Tuesday, April 27, 2010

Building a WCF REST + jQuery webpart based realtime request graph for SP2010, in less than 5 minutes

In the following screencast I demonstrate how quickly one can write, build and deploy a WCF REST web service, visual webpart and jQuery code to an all clean SharePoint 2010 portal. The solution I'm building (which could obviously be made cooler, if you had - say - 10 minutes) is a realtime incoming request monitor. It will render bars based on how many incoming requests the SharePoint portal has at a given moment.

Watch the (somewhat stressed) screencast:



And here's the source code, with quite a few visualization improvements I didn't think of in the build demo above.

Building and deploying a WCF service to SharePoint 2010, and writing a console client, all in 3min 28sec

Here's a 3m 28s screencast (which could have been a lot quicker, if I didn't fumble about so much), where I build and deploy a WCF service to a blank SharePoint 2010 site, and then create a console client to make a request from the service.


A couple of quick tricks make it swifter than a blink of an eye - seriously.

1: Avoid manually typing the full assembly (and PublicKeyToken) reference in your .svc files

To do this, make a one-time update to your build box' SharePoint MSBuild targets. Go to your "Program files (x86)\MSBuild\Microsoft\VisualStudio\v10.0\SharePointTools" folder, and open the .targets-file found there. Locate the "TokenReplacementFileExtensions" node, and add "svc" to the processed extensions.

This will essentially make .svc files eligible for replacements such as described in http://msdn.microsoft.com/en-us/library/ee231545.aspx. Which means that your .svc files can now include:

<%@ ServiceHost
Factory="..."
Language="C#"
Service="Namespace.ServiceClass, $SharePoint.Project.AssemblyFullName$"
%>

The full assembly reference will then be filled in upon build.

2: Use a Factory, rather than an explicit web.config file alongside your .svc

This is an excerpt from a ReSharper live template I setup in my own dev environment, which is merged with the ServiceHost block above:

Factory="Microsoft.SharePoint.Client.Services.$FACTORY$,
Microsoft.SharePoint.Client.ServerRuntime, Version=14.0.0.0,
Culture=neutral, PublicKeyToken=71e9bce111e9429c"

Where $FACTORY$ is either:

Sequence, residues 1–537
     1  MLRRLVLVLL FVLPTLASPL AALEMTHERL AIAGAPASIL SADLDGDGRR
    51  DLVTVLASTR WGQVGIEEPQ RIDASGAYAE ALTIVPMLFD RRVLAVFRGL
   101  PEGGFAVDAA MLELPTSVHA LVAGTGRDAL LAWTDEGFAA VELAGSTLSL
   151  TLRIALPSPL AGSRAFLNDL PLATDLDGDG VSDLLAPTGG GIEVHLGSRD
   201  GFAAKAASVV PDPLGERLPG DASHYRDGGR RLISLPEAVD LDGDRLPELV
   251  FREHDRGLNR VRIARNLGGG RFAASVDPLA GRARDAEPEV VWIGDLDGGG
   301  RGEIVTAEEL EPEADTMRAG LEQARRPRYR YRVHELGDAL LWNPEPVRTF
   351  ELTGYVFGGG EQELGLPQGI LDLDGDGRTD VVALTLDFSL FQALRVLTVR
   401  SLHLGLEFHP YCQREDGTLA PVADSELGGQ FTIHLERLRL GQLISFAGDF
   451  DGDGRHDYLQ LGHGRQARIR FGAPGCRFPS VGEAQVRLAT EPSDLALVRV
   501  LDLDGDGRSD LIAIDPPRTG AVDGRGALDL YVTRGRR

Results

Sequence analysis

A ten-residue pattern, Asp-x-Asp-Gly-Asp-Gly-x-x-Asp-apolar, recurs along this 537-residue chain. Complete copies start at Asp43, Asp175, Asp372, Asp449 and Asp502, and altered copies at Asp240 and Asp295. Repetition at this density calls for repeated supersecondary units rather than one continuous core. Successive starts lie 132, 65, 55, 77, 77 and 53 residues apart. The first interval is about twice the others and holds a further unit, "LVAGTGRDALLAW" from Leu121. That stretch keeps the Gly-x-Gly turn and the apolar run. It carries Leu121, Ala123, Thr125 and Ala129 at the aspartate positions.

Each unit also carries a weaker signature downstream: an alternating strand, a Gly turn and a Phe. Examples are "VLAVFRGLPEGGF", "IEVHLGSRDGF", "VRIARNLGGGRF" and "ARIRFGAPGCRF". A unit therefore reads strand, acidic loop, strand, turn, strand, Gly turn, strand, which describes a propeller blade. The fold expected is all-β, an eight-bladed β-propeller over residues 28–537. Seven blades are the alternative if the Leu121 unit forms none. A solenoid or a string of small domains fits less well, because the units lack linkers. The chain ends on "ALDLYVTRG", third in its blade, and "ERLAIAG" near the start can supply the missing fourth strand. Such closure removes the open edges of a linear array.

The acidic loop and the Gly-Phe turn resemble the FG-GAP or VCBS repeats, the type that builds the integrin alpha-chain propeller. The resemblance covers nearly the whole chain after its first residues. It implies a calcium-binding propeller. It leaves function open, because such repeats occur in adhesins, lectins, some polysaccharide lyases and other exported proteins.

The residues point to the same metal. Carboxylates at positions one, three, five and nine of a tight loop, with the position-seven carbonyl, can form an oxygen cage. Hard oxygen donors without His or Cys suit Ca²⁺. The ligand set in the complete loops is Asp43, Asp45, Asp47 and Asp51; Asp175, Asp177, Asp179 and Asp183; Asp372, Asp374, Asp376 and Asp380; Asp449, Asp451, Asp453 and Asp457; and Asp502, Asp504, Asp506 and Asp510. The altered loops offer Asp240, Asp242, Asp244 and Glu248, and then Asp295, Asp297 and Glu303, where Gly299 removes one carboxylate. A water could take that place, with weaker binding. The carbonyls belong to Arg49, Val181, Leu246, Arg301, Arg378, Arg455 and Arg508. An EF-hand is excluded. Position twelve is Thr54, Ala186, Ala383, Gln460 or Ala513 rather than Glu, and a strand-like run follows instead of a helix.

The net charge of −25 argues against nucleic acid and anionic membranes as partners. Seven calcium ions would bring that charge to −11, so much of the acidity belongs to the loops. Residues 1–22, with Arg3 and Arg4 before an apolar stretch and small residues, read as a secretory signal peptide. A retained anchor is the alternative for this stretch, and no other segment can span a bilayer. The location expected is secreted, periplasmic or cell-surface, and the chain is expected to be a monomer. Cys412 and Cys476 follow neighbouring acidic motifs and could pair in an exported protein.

• MultipleBaseAddressBasicHttpBindingServiceHostFactory for a SOAP service.
  • MultipleBaseAddressWebServiceHostFactory for a REST service.
  • MultipleBaseAddressDataServiceHostFactory for an ADO.NET Data Service.

To provide a MEX endpoint for your service, add an "[BasicHttpBindingServiceMetadataExchangeEndpoint]" attribute to your service implementation. This is defined in the assembly Microsoft.SharePoint.Client.ServerRuntime. The namespace is Microsoft.SharePoint.Client.Services.

Also make sure it has "[AspNetCompatibilityRequirements(RequirementsMode = AspNetCompatibilityRequirementsMode.Required)]", otherwise it won't run at all. This is found in the System.ServiceModel assembly, which is required for WCF in general.

3: Deploy using Visual Studio 2010

Using one of the new Visual Studio 2010 project templates:
  1. Add your service code
  2. Right-click the project node and add a mapped SharePoint folder, such as LAYOUTS or ISAPI
  3. Deploy your .svc file(s) to a project folder within the mapped folder
  4. Hit build, deploy and take it for a spin.

Monday, April 26, 2010

My Visual Studio 2010 Theme: Son of Obsidian

Inspired by the good old Obsidian theme, it's meant to be easy on the eyes.


Download available at studiostyles.info.

SP2010 Deployment: Beware of "Deployment Conflict Resolution Behavior"

Having finally gotten around to test drive SharePoint 2010 properly, I set out to create a quick site definition. To lay the basis for structure to come, as well as upgradability, I wanted to do as I've usually done with SP2007: leave the site definition next to empty, and attach features to it to do the dirty work. This means that I'd have separate features to deploy files such as a custom master page, default.aspx and stylesheets.

The most interesting part here is the default.aspx file. After whipping up the Site Definition project in Visual Studio 2010, I added a feature and a Module project item. I then moved the default.aspx file from the site definition item to the new module.


This left me with a project structure as shown above. Clean and simple, with the site definition activating the layout feature, which would go on to provision the default.aspx file. Nothing fancy; easy to grasp. Or so you'd think.

Next I went on to compile and deploy the package to my local test site. Visual Studio is nice enough to open the "New Site" page when you debug site def projects, so that was truly painless. I then verified that my new sub web worked, and tried returning to the root site.

Bam. 404 - Not Found. Huh?

I opened SP Designer and checked the root site. Indeed, there was no default.aspx there. I even checked to see that my layout feature hadn't been enabled for the root site - it hadn't. Having redeployed a few times, it dawned on me that the retraction or deployment process was to blame, not SharePoint itself.

This took me a whole lot of digging through the Visual Studio 2010 + SharePoint 2010 integration model to figure out - Reflector be praised - but in the end the answer turned out to be pretty simple: Deployment Conflict Resolution. Having first found a reference to this concept in one of the VS.SharePoint deployment command dlls, I did a Google search and found it mentioned in brief in this article.

Sure enough, flipping the switch for my module item worked. VS2010 will now deploy the solution, without deleting my root default.aspx file - a conflict it had no business solving in the first place. Even though I happen to be deploying a default.aspx file; I'm not necessarily in the mood to delete all other default.aspx files in the site collection.